In accordance with yet another feature of the invention, a first set of drivers is provided to connect one lead of all coils positioned within a column to a ground or reference voltage outputted in response to the digital logical input state of the drivers. A set of digital strobes is provided for strobing the opposite lead of all solenoid coils positioned and interconnected within a row with a voltage one-half that of the reference voltage, such that a current may be made to selectively flow in either direction through any of said coils for alternating the magnetic field produced within the coils and thus aligning the display elements therein.
In connection with another feature of the invention, an improved method is disclosed for forming the solenoid coil to be positioned in each hole of a matrix of display holes of a printed circuit board. The printed circuit board has a thickness greater than the diameter of the magnetic display elements received therein, and each display hole opens to the front and rear surfaces of the circuit board. An electrical conductor is printed on the front and rear surface of the display board for electrically interconnecting columns and rows of the matrix of display holes. The display hole is formed through the circuit board and plated with an electrical conductor. A solenoid coil is formed within each hole by cutting internal threads through the plated display holes.
For a more complete understanding of the present invention and further advantages thereof, reference is now made to the following description taken in conjunction with the following drawings:
FIG. 1 is a perspective view of the preferred embodiment of the invention;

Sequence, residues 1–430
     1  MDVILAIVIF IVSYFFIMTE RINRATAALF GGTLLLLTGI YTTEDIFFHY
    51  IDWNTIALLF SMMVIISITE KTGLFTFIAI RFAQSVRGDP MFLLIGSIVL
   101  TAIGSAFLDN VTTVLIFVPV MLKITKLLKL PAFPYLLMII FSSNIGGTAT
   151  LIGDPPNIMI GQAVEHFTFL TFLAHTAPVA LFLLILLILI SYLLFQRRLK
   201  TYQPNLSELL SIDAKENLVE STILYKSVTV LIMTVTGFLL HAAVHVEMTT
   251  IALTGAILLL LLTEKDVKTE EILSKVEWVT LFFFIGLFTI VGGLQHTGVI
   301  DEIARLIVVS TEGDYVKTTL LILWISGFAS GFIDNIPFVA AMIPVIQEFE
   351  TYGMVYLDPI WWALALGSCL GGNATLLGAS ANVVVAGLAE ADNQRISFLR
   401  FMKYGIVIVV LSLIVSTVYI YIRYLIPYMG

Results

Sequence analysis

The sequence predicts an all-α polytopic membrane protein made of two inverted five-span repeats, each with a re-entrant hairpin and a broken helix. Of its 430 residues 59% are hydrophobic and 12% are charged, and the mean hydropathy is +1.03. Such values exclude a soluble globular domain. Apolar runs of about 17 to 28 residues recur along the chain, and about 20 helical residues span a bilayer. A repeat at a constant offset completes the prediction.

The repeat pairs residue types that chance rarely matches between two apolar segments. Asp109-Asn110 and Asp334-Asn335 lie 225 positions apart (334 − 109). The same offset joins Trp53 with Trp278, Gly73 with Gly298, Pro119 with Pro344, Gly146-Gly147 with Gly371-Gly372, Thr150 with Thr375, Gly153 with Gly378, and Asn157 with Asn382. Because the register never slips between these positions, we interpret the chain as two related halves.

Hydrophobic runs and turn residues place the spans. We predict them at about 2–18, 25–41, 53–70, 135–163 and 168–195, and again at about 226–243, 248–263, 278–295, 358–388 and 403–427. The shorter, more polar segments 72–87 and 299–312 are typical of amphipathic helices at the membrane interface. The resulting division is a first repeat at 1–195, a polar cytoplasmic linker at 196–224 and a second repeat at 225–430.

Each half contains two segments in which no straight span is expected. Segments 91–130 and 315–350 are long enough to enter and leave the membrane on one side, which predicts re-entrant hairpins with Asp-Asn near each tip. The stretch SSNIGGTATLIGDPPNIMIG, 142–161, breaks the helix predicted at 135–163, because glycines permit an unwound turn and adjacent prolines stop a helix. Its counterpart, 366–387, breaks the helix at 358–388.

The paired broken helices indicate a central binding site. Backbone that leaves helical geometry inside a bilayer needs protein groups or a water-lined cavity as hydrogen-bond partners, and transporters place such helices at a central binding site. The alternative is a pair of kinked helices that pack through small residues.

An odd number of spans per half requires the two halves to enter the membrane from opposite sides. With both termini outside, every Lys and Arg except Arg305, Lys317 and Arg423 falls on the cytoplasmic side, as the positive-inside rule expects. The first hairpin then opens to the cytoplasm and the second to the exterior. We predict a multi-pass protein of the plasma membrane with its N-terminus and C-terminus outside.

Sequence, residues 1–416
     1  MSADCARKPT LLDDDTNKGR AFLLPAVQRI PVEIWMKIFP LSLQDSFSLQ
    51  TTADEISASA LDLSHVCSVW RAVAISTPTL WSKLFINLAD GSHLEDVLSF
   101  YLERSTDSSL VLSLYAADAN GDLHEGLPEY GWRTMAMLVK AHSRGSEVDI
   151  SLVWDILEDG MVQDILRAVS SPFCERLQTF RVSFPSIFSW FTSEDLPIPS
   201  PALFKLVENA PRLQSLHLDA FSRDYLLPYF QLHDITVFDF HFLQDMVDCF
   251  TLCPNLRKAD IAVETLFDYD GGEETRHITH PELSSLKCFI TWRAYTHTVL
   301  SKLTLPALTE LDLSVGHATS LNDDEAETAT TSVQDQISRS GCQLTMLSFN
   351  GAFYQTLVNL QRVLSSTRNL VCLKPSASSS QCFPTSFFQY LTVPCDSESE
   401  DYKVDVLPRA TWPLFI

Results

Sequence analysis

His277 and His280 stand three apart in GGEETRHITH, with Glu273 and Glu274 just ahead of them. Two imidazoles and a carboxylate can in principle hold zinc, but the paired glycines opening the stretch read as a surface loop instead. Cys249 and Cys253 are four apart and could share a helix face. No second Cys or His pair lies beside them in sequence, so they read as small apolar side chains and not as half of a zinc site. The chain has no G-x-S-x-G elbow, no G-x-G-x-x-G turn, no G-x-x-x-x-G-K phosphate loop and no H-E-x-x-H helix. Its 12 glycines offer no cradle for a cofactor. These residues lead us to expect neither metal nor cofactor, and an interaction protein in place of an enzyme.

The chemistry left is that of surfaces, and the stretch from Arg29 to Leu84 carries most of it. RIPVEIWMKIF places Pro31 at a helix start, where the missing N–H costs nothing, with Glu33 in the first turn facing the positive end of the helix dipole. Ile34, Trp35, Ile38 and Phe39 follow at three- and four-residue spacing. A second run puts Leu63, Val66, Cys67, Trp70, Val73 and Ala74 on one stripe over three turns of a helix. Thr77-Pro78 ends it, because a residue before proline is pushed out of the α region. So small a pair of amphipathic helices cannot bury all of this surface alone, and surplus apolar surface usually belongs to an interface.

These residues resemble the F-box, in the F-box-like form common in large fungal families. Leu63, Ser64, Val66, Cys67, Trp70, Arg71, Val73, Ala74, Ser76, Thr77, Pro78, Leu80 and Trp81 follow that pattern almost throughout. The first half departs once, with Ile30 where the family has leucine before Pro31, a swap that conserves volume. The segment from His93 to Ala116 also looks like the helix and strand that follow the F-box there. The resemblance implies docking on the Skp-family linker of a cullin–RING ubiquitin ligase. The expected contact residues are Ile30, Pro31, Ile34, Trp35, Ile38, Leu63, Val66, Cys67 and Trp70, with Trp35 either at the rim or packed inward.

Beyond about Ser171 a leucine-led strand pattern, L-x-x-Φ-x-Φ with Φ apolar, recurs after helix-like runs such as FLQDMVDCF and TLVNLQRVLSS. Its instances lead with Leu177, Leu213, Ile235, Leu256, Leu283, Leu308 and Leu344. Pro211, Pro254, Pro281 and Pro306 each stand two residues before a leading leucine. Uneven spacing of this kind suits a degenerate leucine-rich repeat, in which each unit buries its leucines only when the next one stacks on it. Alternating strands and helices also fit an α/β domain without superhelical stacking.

FIG. 2 is a perspective view of a magnetic display element within a solenoid coil;
FIG. 3 is a cross-sectional side view of a row of display elements within a display board;
FIG. 4 is a front view of the printed circuit track on the front side of the printed circuit board;
FIG. 5 is a rear view of the printed circuit track on the rear side of the printed circuit board;
FIG. 6 is a schematic diagram of the preferred embodiment of the invention; and
FIG. 7 is a block diagram of the preferred embodiment for assembling the solenoid coils of the present invention.
FIG. 1 illustrates an alpha-numeric display of information on the electromagnetic information system of the present invention, generally indicated by the reference numeral 10. The particular information display system 10 illustrated includes four serially arranged display boards 12. The information display system 10 of the present invention may consist of course of any number or arrangement of individual display boards 12. The display boards 12 contain a 7 × 7 matrix of magnetic display elements 14, such that each of the display elements 14 may be rotated so that its surface is either identical to or contrasts with the color of the front side of the display board 12. Information is thereby visually displayed on the display board 12. The display boards 12 may comprise any number of magnetic display elements 14 and, of course, are not limited to the 7 × 7 matrix shown in FIG. 1.
FIG. 2 illustrates a typical magnetic display element 14 which is spherical in shape and has contrastingly colored hemispherical surfaces 16 and 18. The display element 14 may be formed in other geometrical shapes without departing from the practice of the present invention. A permanent bar magnetic 20 is located within the display element 14 such that its north magnetic pole 17 corresponds to the hemispherical surface 16, while its south magnetic pole 19 corresponds to the hemispherical surface 18.
Surrounding the magnetic display element 14 is a typical solenoid coil 22 such that a magnetic field may be created within the center of coil 22 by passing a current in either direction through the coil 22. The magnetic field produced by coil 22 may either align with or oppose the lines of force extending from the north pole 17 of permanent bar magnetic 20 to its south pole 19. In the arrangement illustrated in FIG. 2, a direct current entering the first lead 24 of the solenoid coil 22 would produce a magnetic field having lines of force which would correspond to the lines of force flowing from the north pole 17 of the bar magnetic 20 to its south pole 19. Similarly, a direct current entering the second lead 26 and flowing in the opposite direction through coil 22 would produce an oppositely directed magnetic field to cause the magnetic display element 14 to be realigned so that its hemispherical surfaces 16 and 18 would be oriented opposite to that shown.